About a month ago, I integrated a USB hub into the Mini 9. Here's some pictures and a little how-to, in case anybody else wanted to give it a go, but wasn't sure what to do. Any of the pictures can be clicked on for a larger view.
You'll need a small USB hub, a soldering iron, solder, desoldering wick, and appropriate wiring to complete this task.
I highly recommend fluxed desoldering wick over plunger type desoldering tools. Help with desoldering is beyond the scope of this post, but do some googling, there are plenty of good how-to articles and instructional videos. Practice on an old piece of junk equipment is invaluable in developing your technique.
First, start with the smallest USB hub that you can find. I found this four port USB 2.0 hub at Microcenter for $8. Take the plastic casing off and see what you'll need to remove to make it fit.
Pay attention to the way that the cable is connected before you remove it. The common pinout for USB cables is as follows:
- Pin 1, Red, +5 VDC[/*:m:vf7kti5r]
- Pin 2, White, USB Data -[/*:m:vf7kti5r]
- Pin 3, Green, USB Data +[/*:m:vf7kti5r]
- Pin 4, Black, Ground[/*:m:vf7kti5r]
If your hub comes with an attached cable, it will often have a 5th wire connected after pin 4. This is for cable shielding and should not be connected to anything when you integrate the hub. The other port connections on the hub follow the same numbering scheme used in the list above and are as follows:
I removed the existing cable, USB ports and power connector. I also removed from the board the two electrolytic power filtering capacitors. They were included to ensure smooth the power delivery while high powered devices are plugged in and unplugged, but are not necessary for this application. I also laid down the diode for a lower profile. Here's what the USB hub looked like during a test fit after component removal:
It almost looks like it was deigned to fit there
Next, choose the appropriate wiring for the connections. The ground and 5v+ power connections should be routed with wire capable of handling the current used by the hub and any attached devices (it's best to just use wiring rated for 500mA or more to fully meet the possible requirements of the hub). I used 24 gauge stranded for this. The USB data connections do not pass much current at all and can therefore be run with much smaller wiring for ease of routing. I used a pair of wires cut from an 80 conductor EIDE cable (a very nice and thin solid conductor, and you've probably got a spare one sitting in a drawer right now).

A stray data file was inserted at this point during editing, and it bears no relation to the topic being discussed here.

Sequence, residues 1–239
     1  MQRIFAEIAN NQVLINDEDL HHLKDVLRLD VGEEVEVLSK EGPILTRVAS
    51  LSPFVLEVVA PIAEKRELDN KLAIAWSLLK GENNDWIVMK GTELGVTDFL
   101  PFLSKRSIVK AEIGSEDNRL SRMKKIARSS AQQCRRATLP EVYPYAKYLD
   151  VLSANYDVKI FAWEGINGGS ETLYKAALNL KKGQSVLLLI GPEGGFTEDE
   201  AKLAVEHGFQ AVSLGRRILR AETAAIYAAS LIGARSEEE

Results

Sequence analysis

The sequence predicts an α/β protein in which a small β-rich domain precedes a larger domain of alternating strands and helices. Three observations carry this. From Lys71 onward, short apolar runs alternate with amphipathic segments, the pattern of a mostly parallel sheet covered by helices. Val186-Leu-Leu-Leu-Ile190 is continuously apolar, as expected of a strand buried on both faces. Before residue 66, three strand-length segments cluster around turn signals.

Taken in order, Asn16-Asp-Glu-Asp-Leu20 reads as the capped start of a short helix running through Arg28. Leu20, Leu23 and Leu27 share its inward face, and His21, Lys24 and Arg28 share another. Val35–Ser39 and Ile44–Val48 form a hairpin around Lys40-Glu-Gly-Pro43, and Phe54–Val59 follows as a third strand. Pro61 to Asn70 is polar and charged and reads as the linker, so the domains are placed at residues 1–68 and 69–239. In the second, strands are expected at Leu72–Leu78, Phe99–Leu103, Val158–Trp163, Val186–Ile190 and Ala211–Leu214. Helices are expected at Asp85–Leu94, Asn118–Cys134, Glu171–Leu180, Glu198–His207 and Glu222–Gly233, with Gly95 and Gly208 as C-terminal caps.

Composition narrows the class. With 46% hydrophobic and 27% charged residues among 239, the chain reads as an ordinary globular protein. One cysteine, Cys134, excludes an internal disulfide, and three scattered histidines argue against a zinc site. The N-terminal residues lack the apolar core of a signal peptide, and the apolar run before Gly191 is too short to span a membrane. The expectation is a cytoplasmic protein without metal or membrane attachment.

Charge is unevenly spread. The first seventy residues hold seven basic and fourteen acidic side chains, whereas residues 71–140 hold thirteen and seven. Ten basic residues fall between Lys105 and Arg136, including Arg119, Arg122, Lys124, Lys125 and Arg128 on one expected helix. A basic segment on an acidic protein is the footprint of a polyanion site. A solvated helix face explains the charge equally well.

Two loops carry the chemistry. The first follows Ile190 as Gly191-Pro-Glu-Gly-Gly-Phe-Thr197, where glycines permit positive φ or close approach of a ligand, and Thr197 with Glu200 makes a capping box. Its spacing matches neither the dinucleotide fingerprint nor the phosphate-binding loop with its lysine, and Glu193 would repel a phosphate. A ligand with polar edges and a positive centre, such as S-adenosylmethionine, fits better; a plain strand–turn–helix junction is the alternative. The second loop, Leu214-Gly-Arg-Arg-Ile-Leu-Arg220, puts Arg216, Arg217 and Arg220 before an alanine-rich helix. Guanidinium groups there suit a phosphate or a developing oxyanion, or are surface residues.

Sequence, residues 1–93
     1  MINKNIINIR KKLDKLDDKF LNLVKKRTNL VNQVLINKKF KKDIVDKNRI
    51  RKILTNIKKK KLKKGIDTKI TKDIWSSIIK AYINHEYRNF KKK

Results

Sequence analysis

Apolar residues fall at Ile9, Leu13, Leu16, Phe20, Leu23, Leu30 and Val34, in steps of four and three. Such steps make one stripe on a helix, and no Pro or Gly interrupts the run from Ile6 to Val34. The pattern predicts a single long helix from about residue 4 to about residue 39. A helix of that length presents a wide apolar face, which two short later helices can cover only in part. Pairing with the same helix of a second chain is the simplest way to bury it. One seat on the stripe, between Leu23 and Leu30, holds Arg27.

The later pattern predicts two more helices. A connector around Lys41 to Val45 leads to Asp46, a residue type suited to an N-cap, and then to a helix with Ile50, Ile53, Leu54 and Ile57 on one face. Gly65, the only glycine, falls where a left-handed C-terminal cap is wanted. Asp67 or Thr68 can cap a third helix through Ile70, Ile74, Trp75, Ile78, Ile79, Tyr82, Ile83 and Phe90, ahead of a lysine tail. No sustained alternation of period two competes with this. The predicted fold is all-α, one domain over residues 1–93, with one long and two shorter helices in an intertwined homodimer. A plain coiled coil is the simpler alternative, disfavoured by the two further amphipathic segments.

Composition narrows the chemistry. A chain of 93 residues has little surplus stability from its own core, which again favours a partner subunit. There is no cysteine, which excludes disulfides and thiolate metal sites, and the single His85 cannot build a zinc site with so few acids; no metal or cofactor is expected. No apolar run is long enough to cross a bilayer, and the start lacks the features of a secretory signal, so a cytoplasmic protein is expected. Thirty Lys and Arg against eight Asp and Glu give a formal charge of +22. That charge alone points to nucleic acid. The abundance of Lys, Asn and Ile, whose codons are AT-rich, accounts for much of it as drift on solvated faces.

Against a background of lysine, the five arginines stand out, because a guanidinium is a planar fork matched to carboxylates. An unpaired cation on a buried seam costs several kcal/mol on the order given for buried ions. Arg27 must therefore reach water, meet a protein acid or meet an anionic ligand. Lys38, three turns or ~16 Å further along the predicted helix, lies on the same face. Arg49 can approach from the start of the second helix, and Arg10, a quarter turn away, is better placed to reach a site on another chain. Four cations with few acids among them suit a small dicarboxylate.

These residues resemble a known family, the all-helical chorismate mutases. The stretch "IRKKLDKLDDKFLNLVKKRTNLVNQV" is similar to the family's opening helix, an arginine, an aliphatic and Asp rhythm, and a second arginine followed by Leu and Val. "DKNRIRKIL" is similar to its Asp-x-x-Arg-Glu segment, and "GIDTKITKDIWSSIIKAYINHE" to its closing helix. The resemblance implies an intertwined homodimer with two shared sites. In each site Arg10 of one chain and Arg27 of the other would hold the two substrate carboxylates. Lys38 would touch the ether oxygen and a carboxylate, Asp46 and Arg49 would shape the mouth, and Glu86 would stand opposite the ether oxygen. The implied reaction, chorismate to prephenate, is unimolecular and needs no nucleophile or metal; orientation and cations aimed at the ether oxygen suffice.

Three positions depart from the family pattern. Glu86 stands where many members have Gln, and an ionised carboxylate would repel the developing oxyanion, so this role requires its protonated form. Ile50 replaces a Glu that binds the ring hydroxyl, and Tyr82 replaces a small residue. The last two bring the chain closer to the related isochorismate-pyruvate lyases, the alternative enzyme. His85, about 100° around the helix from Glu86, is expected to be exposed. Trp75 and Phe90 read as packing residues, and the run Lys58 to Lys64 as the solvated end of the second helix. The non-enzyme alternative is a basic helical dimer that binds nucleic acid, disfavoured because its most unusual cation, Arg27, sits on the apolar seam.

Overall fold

It's a good idea to connect all the wiring to the hub first before connecting to the Mini's motherboard. This will let you insulate the bottom of the hub before it is installed to prevent any shorts. Use kapton or electrical tape to make it easy.
I wired the USB data connection for the hub to the available port on the unpopulated WWAN connector. Pad 36 is USB_D- and 38 is USB_D+, they're labeled on the motherboard. These pads aren't the most durable things in the world, so it's a good idea to put a little dab of superglue on the wires to hold them in place and relieve stress on the soldered connection.
Next, the 5v and ground connections were routed. The ground connection was simply soldered onto the missing half-height mini card lug on the WLAN area, but any ground connection will do.
5v was sourced at the connector for the touchpad, on the opposite side of the board from the WLAN area.
I then went ahead and connected my USB device. In this case it is my trusty integrated GPS receiver. As you can see, I did not connect the device's power to the new USB hub, just the data connection. You can install the device either way, using power from the USB hub, or from another 5v source on the motherboard; just make sure the hub and device are connected to a common ground.
Almost done, just insulate the top of the USB hub to keep it from shorting out against the access panel and you're set!
This is a nice easy way to add more USB ports to your system. What you do with the extra ports is up to you! Make sure to let us know how you use it.